Hewlett Packard Enterprise’s Mark Fernandez reports on the first test results from their Spaceborne Computer on the ISS.
Captain’s Log, September, 2017. It’s been one month since the SpaceX CRS-12 rocket launched from the Kennedy Space Center in Florida on August 14, sending HPE’s Spaceborne Computer to the International Space Station (ISS).
It has been a long month for us, HPE’s Spaceborne Computer engineers, as we waited for an update from NASA on when we would be scheduled to power on the system in space. With much of my team and one of NASA’s main command centers based in Houston, we have all been tied up with the aftermath of Hurricane Harvey. We finally received confirmation that all systems are a go for Thursday, September 14.
The day arrives and my colleague, Dave Petersen, and I are anxious. It’s 5:00 A.M. ET and we log in to NASA’s portal to set up their viewing windows. After a few minutes, we’re watching astronauts floating around the ISS. “Look! It’s our babies!” I say as I watch the astronauts bolt the Spaceborne Computer into its designated server rack located in the ceiling. Although the system weighs 124 pounds on Earth, it’s weightless in space so the bolts are tiny and merely used to hold it in place.
With the system securely in place, the astronaut conducts the physical installation that connects the water cooling and Ethernet cables. This is essential to do before powering on the supercomputer to ensure there isn’t a water leak. With no leak in sight, it’s time to plug the system into the two inverters. This is a huge moment of anticipation for us, as we anxiously await and watch from Earth. “Will the system power up? Will the inverters blow? Will the circuit breaker trip?” These are just a few thoughts racing through my head.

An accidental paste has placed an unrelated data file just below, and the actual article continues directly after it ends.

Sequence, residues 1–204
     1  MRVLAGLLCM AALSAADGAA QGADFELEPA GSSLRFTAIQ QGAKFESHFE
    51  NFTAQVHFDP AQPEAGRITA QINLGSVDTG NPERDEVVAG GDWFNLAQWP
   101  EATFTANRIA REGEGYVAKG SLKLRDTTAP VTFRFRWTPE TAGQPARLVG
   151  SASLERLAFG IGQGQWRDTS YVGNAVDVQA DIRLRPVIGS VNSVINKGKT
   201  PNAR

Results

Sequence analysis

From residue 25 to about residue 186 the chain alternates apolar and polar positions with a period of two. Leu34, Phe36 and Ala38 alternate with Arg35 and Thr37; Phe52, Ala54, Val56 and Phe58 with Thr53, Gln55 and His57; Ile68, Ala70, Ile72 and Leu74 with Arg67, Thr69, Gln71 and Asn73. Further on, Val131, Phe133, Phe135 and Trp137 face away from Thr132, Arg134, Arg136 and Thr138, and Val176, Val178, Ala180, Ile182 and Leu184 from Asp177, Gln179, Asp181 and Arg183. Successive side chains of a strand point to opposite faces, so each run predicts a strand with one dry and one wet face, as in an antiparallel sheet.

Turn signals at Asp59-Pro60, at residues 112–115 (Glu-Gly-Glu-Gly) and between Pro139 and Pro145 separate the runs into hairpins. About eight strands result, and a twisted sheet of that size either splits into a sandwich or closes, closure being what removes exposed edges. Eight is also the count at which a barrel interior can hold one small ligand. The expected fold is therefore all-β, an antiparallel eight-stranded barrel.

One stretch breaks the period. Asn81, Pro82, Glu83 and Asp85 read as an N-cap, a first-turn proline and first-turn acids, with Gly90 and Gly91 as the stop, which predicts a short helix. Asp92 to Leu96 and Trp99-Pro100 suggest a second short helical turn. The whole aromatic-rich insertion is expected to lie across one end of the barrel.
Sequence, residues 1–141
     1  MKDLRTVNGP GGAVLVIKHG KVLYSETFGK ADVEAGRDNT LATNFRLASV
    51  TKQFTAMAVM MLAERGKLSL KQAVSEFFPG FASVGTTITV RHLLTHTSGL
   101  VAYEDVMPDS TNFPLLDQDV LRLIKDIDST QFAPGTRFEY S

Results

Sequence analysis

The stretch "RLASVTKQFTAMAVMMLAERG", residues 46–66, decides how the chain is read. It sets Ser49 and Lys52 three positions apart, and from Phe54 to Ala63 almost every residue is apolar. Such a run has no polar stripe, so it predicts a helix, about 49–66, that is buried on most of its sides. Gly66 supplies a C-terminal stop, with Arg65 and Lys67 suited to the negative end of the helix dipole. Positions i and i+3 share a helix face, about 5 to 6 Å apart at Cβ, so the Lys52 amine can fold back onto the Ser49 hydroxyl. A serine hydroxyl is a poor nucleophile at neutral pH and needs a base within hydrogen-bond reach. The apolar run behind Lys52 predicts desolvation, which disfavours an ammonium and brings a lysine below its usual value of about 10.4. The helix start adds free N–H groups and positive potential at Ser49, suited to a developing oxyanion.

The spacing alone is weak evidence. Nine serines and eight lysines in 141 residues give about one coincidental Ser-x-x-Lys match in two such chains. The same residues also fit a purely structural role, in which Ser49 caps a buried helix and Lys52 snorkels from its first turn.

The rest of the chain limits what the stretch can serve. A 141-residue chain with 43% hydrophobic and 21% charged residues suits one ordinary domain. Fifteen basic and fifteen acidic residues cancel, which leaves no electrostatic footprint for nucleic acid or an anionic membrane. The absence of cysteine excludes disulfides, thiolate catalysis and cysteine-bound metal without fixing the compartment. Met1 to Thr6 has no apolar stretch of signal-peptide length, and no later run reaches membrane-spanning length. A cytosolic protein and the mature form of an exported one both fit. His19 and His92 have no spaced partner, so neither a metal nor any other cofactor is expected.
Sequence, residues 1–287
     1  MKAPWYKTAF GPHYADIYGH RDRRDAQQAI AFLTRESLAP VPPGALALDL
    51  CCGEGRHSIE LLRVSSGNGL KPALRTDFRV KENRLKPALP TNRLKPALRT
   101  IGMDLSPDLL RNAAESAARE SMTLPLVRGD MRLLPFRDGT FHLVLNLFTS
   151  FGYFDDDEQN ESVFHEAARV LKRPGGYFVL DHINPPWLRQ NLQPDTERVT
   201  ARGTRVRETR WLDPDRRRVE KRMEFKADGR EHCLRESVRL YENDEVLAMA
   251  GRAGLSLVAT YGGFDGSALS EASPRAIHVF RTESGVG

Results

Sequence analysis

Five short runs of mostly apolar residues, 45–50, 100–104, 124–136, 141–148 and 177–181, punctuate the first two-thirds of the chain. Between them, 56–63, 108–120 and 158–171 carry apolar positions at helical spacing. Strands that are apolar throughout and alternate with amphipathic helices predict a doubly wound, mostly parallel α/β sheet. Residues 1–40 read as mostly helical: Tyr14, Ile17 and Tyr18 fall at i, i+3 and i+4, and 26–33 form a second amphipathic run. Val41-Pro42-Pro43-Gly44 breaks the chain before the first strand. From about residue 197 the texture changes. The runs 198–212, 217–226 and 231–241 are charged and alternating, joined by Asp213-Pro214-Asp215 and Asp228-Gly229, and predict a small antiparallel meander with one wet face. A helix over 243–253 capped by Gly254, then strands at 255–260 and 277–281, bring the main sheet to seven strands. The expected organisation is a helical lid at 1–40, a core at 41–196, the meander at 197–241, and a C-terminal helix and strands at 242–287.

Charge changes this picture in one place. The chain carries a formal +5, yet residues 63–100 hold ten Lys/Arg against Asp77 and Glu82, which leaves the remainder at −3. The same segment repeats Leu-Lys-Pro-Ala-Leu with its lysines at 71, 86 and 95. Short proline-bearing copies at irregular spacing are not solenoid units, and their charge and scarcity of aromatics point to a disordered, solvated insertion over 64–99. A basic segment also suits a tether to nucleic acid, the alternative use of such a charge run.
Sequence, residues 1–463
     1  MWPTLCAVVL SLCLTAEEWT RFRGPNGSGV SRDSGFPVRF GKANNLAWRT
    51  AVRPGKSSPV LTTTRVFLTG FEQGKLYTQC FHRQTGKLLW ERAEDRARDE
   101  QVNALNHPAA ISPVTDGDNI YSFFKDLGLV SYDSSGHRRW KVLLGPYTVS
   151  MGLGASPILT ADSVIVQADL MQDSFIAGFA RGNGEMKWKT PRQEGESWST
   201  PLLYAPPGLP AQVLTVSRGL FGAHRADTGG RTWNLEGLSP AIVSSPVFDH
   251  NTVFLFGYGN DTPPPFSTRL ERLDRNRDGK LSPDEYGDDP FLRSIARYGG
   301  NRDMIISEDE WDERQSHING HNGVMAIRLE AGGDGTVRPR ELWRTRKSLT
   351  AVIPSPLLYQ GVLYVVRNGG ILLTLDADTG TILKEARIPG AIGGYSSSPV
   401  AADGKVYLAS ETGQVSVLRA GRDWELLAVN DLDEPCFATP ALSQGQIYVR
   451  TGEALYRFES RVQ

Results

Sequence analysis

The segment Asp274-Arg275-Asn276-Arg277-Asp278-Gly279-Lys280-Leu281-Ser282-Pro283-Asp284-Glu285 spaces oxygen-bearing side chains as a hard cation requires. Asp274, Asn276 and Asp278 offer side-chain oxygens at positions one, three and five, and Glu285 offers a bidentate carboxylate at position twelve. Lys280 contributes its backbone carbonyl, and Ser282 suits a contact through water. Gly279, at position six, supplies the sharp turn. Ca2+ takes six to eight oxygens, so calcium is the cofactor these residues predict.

The first of two green lights appears on the first inverter. Then another single green light appears on the second inverter. A moment of panic. There are supposed to be two green lights on each inverter. The astronaut turns on the 48 volt and 110 volt AC. A long few seconds pass and there are two green lights on each inverter. “We did it!” I thought to myself, “The Spaceborne Computer is powered up!”
Now that all the hardware installations have been successfully completed, it’s time for me to take over and begin the necessary software downloads and system housekeeping. All goes as planned. The system in space is running identically to its twin on Earth.
Finally, the moment we’ve all been waiting for. I am ready to launch the multi-node High Performance LINPACK (HPL) benchmark test. This test will determine how many multiplications per second the system can produce. If all goes well, we’ll run the High Performance Conjugate Gradients (HPCG), which was designed to complement the HPL benchmark. These collective tests are the basis of the Top500’s ranking of supercomputers on Earth from fastest to slowest.
We launch the HPL run and wait patiently. We’re hoping for the highest number (most multiplications) they can get, so I wouldn’t dare check the progress for about 15 minutes or so for fear of slowing anything down. The HPL run is finally complete and not only are the results valid, but the Spaceborne Computer achieves over one trillion calculations per second, also known as one teraFLOP, which is up to 30 times faster than a laptop. We don’t hesitate to begin the HPCG. It verifies the results.
We’re ecstatic. This is exactly what they’ve been hoping for. HPE’s Spaceborne Computer is the first high performance commercial off-the-shelf (COTS) computer system to run one teraFLOP in space.
By Mark Fernandez, Americas HPC Technology Officer at Hewlett Packard Enterprise and co-principal investigator of the experiment